Skip to main content

UK tackles rare earth challenge for wind turbines

Photo: Shutterstock

Metals recycler EMR is playing a key role in a collaborative research effort to establish the UK’s first circular supply chain for the rare earth magnets used in wind turbines.

The new project, known as Re-Rewind, also involves rare earth recycling pioneers HyProMag, motor and generator manufacturer Magnomatics, the University of Birmingham, and the Government’s innovation unit, the Offshore Renewable Energy Catapult. It is funded by the national ‘Innovate UK’ agency.

Modern wind turbines contain high-quality construction steel, copper and other metals as well as a range of rare earth elements such as praseodymium and dysprosium. In particular, the sector uses very large quantities of a rare earth magnet that is an alloy of neodymium, iron and boron (NdFeB). These NdFeB magnets are critical components used in permanent magnet synchronous generators in larger turbines.


With the UK’s rapid transition towards net-zero emissions, it’s predicted that in 2040 there will be a 240 000 tonne shortfall of rare earth magnets. The Re-Rewind project is intended to combat this impending shortage, bolster the UK’s rare earth material security and foster the creation of green jobs.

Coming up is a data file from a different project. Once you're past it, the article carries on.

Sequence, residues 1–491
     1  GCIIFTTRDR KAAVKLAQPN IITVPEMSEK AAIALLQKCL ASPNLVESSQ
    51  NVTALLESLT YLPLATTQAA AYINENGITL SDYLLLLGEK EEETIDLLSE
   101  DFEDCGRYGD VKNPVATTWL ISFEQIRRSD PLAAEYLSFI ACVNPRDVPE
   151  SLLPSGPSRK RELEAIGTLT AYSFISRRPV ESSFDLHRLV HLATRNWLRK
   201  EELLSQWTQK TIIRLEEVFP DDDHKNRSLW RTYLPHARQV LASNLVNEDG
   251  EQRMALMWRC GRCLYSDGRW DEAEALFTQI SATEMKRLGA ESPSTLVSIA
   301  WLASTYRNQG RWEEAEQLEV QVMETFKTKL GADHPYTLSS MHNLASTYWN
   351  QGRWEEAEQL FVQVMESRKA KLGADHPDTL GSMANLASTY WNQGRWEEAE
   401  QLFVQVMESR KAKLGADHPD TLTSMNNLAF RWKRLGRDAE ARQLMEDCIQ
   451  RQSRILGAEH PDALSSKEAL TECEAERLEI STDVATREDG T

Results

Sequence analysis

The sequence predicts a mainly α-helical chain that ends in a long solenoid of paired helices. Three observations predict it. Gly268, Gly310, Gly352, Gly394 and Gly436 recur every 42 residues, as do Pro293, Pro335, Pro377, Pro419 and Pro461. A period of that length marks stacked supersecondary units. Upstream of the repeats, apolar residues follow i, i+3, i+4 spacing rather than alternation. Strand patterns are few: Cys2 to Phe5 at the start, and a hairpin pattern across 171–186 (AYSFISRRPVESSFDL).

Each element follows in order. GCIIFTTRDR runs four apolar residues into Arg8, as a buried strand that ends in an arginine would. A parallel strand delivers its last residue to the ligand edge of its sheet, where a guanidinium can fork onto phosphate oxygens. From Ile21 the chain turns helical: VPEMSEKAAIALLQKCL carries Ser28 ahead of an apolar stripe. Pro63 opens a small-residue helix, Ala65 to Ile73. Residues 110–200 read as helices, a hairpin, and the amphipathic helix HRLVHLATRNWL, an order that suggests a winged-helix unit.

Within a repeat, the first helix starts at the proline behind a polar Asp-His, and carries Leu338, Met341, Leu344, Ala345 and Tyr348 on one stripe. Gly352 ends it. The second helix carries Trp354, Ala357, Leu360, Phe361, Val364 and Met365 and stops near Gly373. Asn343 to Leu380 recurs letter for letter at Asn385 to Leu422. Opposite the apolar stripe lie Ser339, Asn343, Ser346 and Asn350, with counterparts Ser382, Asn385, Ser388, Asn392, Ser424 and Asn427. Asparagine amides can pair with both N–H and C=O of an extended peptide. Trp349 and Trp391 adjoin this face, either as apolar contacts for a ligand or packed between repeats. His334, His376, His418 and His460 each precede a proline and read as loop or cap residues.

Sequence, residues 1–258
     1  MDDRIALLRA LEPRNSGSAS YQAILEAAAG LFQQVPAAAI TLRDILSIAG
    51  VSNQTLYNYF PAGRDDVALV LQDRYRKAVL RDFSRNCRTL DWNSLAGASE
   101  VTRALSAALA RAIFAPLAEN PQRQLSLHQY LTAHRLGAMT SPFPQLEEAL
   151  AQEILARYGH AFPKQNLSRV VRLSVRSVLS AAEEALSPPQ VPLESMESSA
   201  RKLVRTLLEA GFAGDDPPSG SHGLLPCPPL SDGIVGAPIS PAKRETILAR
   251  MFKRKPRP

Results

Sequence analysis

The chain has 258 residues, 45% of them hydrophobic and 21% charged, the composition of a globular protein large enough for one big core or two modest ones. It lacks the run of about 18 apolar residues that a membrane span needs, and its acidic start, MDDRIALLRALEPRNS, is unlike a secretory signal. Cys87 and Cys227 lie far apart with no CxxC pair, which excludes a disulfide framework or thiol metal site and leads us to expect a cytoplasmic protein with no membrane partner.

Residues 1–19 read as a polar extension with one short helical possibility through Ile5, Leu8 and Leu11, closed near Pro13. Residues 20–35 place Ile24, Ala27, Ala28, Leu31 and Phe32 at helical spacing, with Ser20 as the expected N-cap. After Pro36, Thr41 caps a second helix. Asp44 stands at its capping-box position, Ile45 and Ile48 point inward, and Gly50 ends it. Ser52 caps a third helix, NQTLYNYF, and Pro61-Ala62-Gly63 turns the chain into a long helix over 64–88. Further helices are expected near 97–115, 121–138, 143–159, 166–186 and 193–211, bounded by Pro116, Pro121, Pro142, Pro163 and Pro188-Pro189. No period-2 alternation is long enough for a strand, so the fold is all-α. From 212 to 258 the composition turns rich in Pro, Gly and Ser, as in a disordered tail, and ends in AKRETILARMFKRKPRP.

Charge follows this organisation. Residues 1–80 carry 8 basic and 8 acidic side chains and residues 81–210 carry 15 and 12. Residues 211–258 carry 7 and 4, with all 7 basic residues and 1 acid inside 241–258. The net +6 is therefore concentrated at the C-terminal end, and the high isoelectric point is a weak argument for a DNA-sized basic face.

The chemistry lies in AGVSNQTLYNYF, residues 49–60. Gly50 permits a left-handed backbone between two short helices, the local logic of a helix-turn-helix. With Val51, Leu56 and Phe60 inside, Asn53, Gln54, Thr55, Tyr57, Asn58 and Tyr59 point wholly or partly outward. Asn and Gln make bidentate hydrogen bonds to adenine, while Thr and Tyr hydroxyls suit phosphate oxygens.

EMR’s energy infrastructure lead, Dr Charlotte Stamper says the collaborative effort represents a significant step forward in securing the sustainability of wind energy. ‘By establishing a circular supply chain for rare earth magnets, we not only reduce the environmental impact of wind turbine production but also lay the foundation for a greener, more self-sustaining future.’

HyProMag’s operations general manager Nick Mann adds: ‘Thanks to the backing of Innovate UK and our outstanding consortium of project collaborators, we see immense potential. Each company’s unique expertise comes into play to tackle the complex task of extracting magnets from retired wind turbines.

‘This project is set to overcome the obstacles associated with recycling rare earth magnets from wind turbines, effectively opening up a new domestic source of these magnets, which is a significant achievement in itself.’

Don't hesitate to contact us to share your input and ideas. Subscribe to the magazine or (free) newsletter.

You might find this interesting too

Huge scale of copper recycler fraud revealed
Robots are taking over at renamed Dutch metal recycler – who’s next? 
Recycled aircraft parts assessed for 3D printing

Leave a Reply

Your email address will not be published. Required fields are marked *

This site uses Akismet to reduce spam. Learn how your comment data is processed.

Subscribe now and get a full year for just €169 (normal rate is €225) Subscribe